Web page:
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CARPAL TUNNEL SYNDROME

The carpal tunnel is a narrow passageway on the palm side of the wrist. The floor of this tunnel is formed by the bones of the wrist and a strong ligament creates the roof. An important nerve called the median nerve runs through the carpal tunnel and gives feeling to the skin of the thumb, index finger, middle finger and half of the ring finger. This nerve also gives movement to some of the muscles around the thumb. Carpal tunnel syndrome occurs when there is pressure on the median nerve from a variety of causes.

What are the symptoms of carpal tunnel syndrome?

Numbness or pins and needles around the thumb, index and middle fingers are the most commonly reported symptoms of carpal tunnel syndrome. This may be associated with wrist discomfort. The pins and needles are especially noticeable at night as they can cause you to wake up.

Other common symptoms of carpal tunnel syndrome include:

  • wrist pain, particularly at night
  • weakness of the hand and thumb
  • difficulty grasping objects
  • pain radiating up into the arm.

What causes carpal tunnel syndrome?

Carpal tunnel syndrome is caused by compression of the median nerve within the carpal tunnel.

This can be caused by a narrowing of the tunnel, enlargement of the tunnel contents or general swelling in the area. This occurs fairly commonly as people age, during pregnancy and in conjunction with conditions such as:

  • wrist arthritis
  • wrist fracture
  • thickened tendons
  • tendon inflammation
  • hand trauma causing swelling.

How do I know if I have carpal tunnel?

If you have the signs and symptoms of carpal tunnel syndrome, you can have the diagnosis confirmed by a health professional.

A diagnosis of carpal tunnel syndrome can be made by your GP, physiotherapist or hand therapist. They will complete a clinical assessment and a couple of simple tests in the clinic. Occasionally, a nerve conduction study is required.

How can physiotherapy help with carpal tunnel?

Splinting

Splints that hold the wrist in a neutral position or a slight forward bend will aim to maximise the amount of room in the carpal tunnel and relieve pressure on the median nerve. Splints that hold the wrist in the extended (arched backwards) position can make the symptoms worse as the carpal tunnel space is reduced in this position. In more severe cases, a full resting wrist and finger splint may be required.

Ergonomic advice

Symptoms can be reduced by avoiding certain common wrist positions and activities that increase the pressure in the tunnel.

Tendon gliding exercises

These four gentle movements of your fingers give a gliding motion between the different tendons and the nerve to reduce swelling of the little adhesions that can form in the area due to swelling.

Swelling management

Compression gloves and other techniques to reduce swelling may be required, depending on the cause of your symptoms.

Nerve glides

Gentle movements of your arm and neck are thought to improve the movement of the median nerve and assist with the healing of the nerve after compression at the carpal tunnel. Gentle movement of the nerve may increase blood flow to the nerve, which helps the nerve heal and improve your symptoms.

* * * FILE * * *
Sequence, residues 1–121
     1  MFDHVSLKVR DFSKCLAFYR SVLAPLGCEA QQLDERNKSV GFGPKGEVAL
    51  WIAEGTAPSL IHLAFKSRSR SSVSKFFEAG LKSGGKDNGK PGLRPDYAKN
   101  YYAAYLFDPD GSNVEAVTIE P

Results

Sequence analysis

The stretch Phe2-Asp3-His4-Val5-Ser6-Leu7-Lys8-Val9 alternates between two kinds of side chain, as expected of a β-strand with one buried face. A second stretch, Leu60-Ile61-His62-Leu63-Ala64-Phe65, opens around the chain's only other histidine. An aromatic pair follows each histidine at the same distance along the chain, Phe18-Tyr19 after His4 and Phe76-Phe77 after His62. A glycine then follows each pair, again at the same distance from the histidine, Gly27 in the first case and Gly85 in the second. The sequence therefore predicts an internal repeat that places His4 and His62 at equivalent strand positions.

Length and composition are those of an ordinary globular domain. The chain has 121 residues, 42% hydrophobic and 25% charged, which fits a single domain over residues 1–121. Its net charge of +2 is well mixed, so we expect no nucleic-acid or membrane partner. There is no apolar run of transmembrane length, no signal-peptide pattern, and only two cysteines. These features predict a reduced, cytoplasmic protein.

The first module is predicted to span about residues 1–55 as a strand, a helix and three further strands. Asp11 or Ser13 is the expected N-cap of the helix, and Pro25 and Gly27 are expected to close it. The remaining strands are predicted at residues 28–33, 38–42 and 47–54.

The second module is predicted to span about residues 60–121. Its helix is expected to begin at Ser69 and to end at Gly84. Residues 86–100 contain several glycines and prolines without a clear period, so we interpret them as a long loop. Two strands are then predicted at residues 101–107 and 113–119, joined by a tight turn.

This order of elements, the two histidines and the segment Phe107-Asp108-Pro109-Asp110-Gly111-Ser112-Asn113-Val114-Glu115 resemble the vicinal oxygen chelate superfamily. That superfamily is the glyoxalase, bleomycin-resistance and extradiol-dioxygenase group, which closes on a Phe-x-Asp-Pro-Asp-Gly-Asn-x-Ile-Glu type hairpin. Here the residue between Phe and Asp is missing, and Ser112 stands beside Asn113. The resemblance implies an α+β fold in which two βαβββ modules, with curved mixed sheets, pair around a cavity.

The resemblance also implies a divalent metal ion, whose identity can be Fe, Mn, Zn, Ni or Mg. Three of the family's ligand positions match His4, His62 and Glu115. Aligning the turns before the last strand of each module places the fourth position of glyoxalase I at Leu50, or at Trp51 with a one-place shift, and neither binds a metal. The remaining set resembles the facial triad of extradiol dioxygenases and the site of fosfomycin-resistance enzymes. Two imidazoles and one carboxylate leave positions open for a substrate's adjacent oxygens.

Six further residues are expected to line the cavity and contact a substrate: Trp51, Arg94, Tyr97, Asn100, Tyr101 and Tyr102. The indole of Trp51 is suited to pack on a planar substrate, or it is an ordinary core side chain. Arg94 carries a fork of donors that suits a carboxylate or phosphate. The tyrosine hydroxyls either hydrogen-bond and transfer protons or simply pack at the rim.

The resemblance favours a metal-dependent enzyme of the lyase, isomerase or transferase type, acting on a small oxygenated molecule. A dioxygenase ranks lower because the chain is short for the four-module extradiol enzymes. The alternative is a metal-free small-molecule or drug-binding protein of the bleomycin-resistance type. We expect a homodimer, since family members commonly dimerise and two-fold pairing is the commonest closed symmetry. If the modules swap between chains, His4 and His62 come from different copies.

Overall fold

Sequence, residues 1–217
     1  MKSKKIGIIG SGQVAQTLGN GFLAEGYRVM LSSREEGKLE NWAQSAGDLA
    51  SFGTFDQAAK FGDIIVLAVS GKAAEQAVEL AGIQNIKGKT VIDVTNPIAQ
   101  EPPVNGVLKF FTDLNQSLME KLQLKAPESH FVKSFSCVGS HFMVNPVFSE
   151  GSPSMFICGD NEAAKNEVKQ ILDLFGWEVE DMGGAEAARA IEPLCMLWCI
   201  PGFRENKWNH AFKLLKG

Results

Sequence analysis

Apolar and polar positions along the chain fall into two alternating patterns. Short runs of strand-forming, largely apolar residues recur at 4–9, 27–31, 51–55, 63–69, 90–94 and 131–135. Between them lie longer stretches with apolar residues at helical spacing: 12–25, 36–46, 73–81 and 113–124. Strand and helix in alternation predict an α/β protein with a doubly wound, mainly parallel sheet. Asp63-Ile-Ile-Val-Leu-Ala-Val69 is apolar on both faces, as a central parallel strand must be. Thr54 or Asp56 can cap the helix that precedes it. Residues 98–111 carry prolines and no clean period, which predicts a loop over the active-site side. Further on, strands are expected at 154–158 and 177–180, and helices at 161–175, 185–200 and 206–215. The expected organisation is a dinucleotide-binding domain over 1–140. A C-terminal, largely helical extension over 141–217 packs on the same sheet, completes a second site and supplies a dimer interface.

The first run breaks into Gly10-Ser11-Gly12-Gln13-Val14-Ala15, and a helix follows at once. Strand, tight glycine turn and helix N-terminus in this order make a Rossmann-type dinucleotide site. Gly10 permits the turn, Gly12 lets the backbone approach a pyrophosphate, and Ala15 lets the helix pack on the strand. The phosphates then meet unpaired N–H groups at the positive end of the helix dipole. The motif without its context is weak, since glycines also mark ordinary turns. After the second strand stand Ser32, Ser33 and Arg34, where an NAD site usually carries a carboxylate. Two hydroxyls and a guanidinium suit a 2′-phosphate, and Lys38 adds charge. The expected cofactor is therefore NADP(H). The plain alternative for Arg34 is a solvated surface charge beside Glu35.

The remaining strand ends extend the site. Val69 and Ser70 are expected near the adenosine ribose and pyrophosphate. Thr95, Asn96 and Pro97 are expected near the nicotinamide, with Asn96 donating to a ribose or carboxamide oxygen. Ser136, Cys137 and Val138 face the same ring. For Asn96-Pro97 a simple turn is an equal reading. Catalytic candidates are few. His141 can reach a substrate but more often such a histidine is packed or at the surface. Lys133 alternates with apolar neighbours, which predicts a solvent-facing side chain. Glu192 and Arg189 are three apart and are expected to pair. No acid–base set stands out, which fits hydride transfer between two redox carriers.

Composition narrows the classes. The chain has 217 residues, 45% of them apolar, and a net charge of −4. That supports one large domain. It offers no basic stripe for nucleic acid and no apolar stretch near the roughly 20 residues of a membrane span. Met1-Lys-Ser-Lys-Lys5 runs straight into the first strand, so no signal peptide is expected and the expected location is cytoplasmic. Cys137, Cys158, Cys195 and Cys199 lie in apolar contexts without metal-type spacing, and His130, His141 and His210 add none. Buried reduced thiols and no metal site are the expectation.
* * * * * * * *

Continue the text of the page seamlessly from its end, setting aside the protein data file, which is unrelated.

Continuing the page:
Strengthening

You may need to strengthen your hand after you have recovered from the symptoms of carpal tunnel syndrome.

Surgery

Surgery is required for a small percentage of people with carpal tunnel syndrome. If there is loss of sensation or inability to contract the muscles supplied by the median nerve, then referral to a surgeon is necessary. A variety of other treatments, such as scar management, desensitising and special exercises, may be required after surgery.

It’s important to note that not all physiotherapists are specialised in the area of hand therapy. For the best treatment outcome, find a physio who specialises in this area.

How effective is physiotherapy for carpal tunnel?

Physiotherapy gets the best results for carpal tunnel syndrome when treatment is started early (within the first three months) and when the symptoms are still mild.

Splinting for 3–6 weeks, even if it’s only at night, is strongly recommended.

In more severe and long-standing cases, with constant numbness or weakness in the small thumb muscles, surgical release will be required to improve symptoms.

It is important not to leave the condition untreated as permanent nerve and muscle damage can occur.

What can I do at home?

  • Try to avoid any positions or movements that make your symptoms worse, particularly repetitive tasks in poor wrist positions or static postures
  • Wearing a splint that holds the wrist in a neutral or slightly bent forward position at night is usually effective in reducing symptoms, and can also be worn during the day to help reduce your symptoms. Take care to avoid a splint that holds your wrist back, which is the case for most store bought splints, as this wrist position may increase your symptoms
  • Reduce hand swelling if it is a factor by keeping the hand elevated or by wearing a compression glove
  • Follow the exercise advice of your physiotherapist

How long until I feel better?

In mild cases, correct splint wear will usually have an immediate effect in reducing your symptoms, especially at night. If you do not get relief of your symptoms with physiotherapy, self-management and splinting as mentioned above, then your physiotherapist or GP will refer you on for a surgical opinion.